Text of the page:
They say first impressions are important, and for travelers crossing the Oregon-California border north on U.S. 199, their first impressions of our state now comes in a familiar shape.
The new ‘Welcome to Oregon’ sign on Redwood Highway in Josephine County has been greeting folks entering Oregon since September 2021, but the sign was over a decade in the making.
In 2011, Rogue Valley area residents celebrated a newly installed ‘Welcome to Oregon’ sign on Interstate 5 at the California border. Their pride in the new Oregon-shaped greeting radiated west to the Illinois Valley/Cave Junction area, where a group of local residents looked at their ‘Welcome to Oregon’ sign on U.S. 199 and vowed to upgrade the small, plain placard to match the majesty of the one on I-5.
Roger Brandt of the Illinois Valley Community Development Organization pitched his idea to ODOT’s Highway District 8 managers. He envisioned a sign that used large timbers as sign supports, reminiscent of the U.S. Forest Service signs installed by the Civilian Conservation Corps in the Pacific Northwest during the 1930s.
The ODOT team loved the idea and wanted to help, but there was just one problem: the estimated price tag for the new sign was $100,000.
“Signs aren’t cheap,” said Jeremiah Griffin, Interim District 8 manager. “I think their cost surprises some people. And $100,000 was a hefty chunk for us to pay out of district funds.”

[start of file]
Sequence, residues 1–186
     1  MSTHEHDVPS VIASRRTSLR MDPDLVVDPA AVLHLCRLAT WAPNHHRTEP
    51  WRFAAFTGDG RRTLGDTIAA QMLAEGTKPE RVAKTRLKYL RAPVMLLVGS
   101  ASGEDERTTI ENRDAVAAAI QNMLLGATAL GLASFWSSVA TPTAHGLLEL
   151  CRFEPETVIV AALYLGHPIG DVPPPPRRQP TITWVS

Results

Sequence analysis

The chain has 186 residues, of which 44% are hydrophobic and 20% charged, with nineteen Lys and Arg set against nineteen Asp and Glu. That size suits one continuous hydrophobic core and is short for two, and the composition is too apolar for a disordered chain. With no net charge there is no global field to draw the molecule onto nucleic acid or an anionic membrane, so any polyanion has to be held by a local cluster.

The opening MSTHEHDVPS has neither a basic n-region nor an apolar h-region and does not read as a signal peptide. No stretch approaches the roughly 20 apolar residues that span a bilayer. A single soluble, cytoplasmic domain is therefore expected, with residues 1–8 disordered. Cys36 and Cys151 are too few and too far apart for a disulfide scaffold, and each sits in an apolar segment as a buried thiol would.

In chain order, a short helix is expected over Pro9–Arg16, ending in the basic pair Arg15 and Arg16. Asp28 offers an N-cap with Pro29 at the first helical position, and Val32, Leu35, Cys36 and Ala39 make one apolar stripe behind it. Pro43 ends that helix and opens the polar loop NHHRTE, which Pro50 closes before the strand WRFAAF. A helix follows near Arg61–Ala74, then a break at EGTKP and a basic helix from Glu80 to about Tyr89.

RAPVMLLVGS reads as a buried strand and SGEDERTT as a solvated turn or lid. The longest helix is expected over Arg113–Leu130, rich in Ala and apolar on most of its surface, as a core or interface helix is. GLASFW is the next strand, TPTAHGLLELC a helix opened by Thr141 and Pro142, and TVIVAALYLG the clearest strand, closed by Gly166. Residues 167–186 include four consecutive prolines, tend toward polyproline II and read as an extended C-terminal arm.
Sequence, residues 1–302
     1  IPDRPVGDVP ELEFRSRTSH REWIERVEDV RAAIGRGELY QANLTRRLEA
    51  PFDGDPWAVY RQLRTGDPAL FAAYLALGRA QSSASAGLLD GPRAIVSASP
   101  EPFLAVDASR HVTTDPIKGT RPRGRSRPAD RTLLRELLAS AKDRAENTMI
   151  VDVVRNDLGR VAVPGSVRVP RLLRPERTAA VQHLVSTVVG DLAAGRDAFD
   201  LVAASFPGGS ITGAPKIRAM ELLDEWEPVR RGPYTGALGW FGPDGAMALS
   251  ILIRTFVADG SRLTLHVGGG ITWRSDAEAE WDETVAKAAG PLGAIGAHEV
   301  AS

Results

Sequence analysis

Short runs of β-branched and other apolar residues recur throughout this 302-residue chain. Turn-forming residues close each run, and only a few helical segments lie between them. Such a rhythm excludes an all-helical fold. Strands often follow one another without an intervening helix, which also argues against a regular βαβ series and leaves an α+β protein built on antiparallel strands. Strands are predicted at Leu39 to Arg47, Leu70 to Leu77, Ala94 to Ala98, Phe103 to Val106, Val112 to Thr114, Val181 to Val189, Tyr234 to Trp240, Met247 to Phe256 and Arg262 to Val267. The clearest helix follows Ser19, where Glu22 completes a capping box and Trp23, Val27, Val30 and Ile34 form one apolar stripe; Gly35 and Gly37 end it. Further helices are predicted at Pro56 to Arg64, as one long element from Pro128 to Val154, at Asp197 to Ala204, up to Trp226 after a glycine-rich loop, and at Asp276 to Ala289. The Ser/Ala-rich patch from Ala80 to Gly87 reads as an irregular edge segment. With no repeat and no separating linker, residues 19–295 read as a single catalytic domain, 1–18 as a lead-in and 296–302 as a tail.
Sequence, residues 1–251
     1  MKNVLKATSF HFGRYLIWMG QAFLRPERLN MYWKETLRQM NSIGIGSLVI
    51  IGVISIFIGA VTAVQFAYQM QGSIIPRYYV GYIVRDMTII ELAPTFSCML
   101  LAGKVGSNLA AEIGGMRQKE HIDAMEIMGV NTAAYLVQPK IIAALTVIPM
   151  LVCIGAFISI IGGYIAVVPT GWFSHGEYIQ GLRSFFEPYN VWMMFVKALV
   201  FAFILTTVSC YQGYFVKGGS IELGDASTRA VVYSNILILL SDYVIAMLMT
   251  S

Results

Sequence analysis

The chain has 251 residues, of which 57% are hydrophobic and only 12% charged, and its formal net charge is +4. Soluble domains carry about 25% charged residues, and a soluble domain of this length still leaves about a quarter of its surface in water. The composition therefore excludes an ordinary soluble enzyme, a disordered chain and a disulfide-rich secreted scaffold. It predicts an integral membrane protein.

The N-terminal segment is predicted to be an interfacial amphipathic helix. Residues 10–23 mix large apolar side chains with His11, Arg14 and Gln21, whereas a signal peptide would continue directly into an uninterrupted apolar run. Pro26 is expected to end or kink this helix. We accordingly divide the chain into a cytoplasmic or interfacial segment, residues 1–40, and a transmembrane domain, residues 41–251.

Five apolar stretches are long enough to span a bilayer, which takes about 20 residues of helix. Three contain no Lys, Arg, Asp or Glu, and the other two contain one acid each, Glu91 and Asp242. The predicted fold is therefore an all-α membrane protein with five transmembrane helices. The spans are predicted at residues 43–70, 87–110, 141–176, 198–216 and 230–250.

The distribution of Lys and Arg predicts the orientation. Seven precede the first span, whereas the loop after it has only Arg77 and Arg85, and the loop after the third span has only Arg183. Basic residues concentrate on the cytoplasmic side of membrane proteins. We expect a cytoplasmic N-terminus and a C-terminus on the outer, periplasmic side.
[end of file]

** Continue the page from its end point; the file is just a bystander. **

Griffin and the team tried to make the numbers work, but in the end, they didn’t have the cash to make the sign a reality.
The local residents championing the sign understood the bind, but without funding, local gusto for the sign lapsed, and the idea faded in the community.
Several years went by without movement on the project, but it stuck in the minds of several ODOT staff members. They were determined to find the money and deliver on their promise to residents.
An idea reborn
Then, a few years ago, the team hit on a solution: the Emerging Small Business Program. The program helps small Oregon businesses get contracts with ODOT. As long as the awarded business and contract fit the criteria, District 8 could use those program funds to cover the sign costs.
Now that the sign had the money and the might, it was time to resurrect the original community design from back in 2011.
“We wanted to give the new sign the Illinois Valley flair and stay true to the request of the community group and true to our welcoming style here in southern Oregon,” said Griffin.
Adam Stallsworth, ODOT District Operations coordinator, took over as project manager, working with Griffin and ODOT Senior Structural Design Engineer Bob Grubbs. They created a final design that used the same I-5 welcome sign template, but added a three-tree accent reminiscent of USFS signs in the area, a feature from the community’s original vision. Equity is one of ODOT’s three top priorities in the agency’s Strategic Action Plan, and working with communities to create unique solutions furthers that goal.
Another fun fact: the rocks at the base of the sign are the same kind found in the Illinois River bed, a clever nod to the valley’s unique features.
Construction on the sign wrapped up last fall. Long term, Griffin says they plan to add lighting for the sign, and maybe install a TripCheck camera, if they can solve some connectivity issues.
But overall, he’s happy with how everything turned out.
“To me, this sign represents that community and the Illinois Valley very well. And U.S. 199 is a busy corridor, so we’re proud to be able to welcome people to our state with cool-looking sign that came from community input.”
Roger Brandt, the Illinois Valley community member who originally pitched the sign idea, agrees.
“It (the sign) portrays the rugged heritage of our region,” he said. “We thank ODOT for contributing to our efforts to adopt this style of signage in the southwest Oregon community of Illinois Valley.”